What golden dodder is
This parasitic plant appears in early summer. It has yellow to orange leafless, threadlike, stems that resemble spaghetti. The stem produces tendrils that coil around other plants. When the tendrils contact a suitable host, they develop root-like structures that suck nutrients and water from the host plant.
It rapidly grows up to 5 metres in two months, smothering surrounding plants even those it does not parasitise. It has been known to grow 8 cm in 24 hours, 2 mm per hour, and 5 m in two months.
Many small white or greenish flowers grow from golden dodder in clusters. A single golden dodder plant can produce up to 16,000 seeds and form a long-lived, 10 year, seed bank. It can survive:
- 10 years in soil
- 5 years in water
- 10 to 20 years in dry conditions and possibly up to 50 years.
Why golden dodder is bad
Golden dodder is toxic to stock and can reduce the growth of animal food such as clover. Cattle feeding in pasture within 2 m of contaminated areas are at risk of consuming golden dodder. Cattle moving within 2 m of contaminated areas also risk spreading golden dodder.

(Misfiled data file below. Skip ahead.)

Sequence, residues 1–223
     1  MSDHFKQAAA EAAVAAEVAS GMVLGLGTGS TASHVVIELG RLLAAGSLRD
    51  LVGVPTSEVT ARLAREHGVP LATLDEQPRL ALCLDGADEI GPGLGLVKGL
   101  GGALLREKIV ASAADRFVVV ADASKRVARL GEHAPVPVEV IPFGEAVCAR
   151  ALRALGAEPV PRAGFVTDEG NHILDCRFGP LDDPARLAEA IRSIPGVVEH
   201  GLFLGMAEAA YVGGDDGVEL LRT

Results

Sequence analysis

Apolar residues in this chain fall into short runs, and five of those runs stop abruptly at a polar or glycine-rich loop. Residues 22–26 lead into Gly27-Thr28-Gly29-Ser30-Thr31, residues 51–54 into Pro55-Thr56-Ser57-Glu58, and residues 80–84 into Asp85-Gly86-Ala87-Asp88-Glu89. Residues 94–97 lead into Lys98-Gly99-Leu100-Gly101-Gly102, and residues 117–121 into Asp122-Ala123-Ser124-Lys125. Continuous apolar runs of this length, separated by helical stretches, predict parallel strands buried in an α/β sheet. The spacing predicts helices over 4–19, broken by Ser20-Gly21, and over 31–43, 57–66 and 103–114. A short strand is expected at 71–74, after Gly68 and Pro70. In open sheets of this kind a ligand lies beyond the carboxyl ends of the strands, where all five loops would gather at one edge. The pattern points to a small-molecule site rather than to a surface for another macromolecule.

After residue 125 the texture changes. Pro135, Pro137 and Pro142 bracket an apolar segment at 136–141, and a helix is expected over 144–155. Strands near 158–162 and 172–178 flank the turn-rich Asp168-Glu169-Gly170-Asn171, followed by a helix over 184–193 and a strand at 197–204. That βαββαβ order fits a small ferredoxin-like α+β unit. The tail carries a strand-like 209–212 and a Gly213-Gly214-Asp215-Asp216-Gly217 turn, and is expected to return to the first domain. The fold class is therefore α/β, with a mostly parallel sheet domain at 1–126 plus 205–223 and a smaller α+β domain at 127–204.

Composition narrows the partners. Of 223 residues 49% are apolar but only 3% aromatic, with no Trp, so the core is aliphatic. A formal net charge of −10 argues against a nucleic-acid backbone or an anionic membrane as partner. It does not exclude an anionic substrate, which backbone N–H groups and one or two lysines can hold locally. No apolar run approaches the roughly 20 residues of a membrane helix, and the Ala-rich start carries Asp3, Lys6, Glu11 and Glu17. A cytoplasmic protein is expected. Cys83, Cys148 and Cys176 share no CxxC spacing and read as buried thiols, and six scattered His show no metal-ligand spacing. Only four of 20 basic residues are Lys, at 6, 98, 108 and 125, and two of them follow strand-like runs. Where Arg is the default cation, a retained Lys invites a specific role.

It can smother wetland plants including duck food.
Unwanted Organism Status
Golden dodder (Cuscuta campestris) has been listed as an Unwanted Organism in New Zealand. This means the species can cause harm to natural and physical resources. Under the Biosecurity Act 1993, it is an offence to breed, sell or release golden dodder. It is also an offence to knowingly cause multiplication of the plant.
How you can help
Report sightings of golden dodder to DOC or Waikato Regional Council (WRC). Accurate location details will help the most.
- DOC phone: +64 7 850 8378
- WRC phone: 0800 800 401
Stop spreading it
The risk of it spreading is high. Vehicles, equipment, clothing and cattle could transport plant fragments or seed to other duck hunting or wetland areas in the Waikato or beyond.
Check for weed fragments and seeds on:
Stock can spread this weed so keep them out of infested sites. Keep the Whangamarino wetland access gate closed so stock can't move along the causeway and banks of the stream.
What we're doing
We have an opportunity to contain this weed because it has only been found at two locations in New Zealand:
- Whangamarino wetland, and
- Lake Whangape and surrounding wetlands.
DOC is working to control it. Work includes:
- repeat annual ground and aerial control
- surveillance and monitoring of golden dodder within the infestation area
- a buffer surrounding golden dodder timed to prevent them from seeding in adjacent farmland and spreading along rivers.
The work is to safeguard surrounding farmlands from golden dodder invasion and to protect susceptible native habitat in the wetland.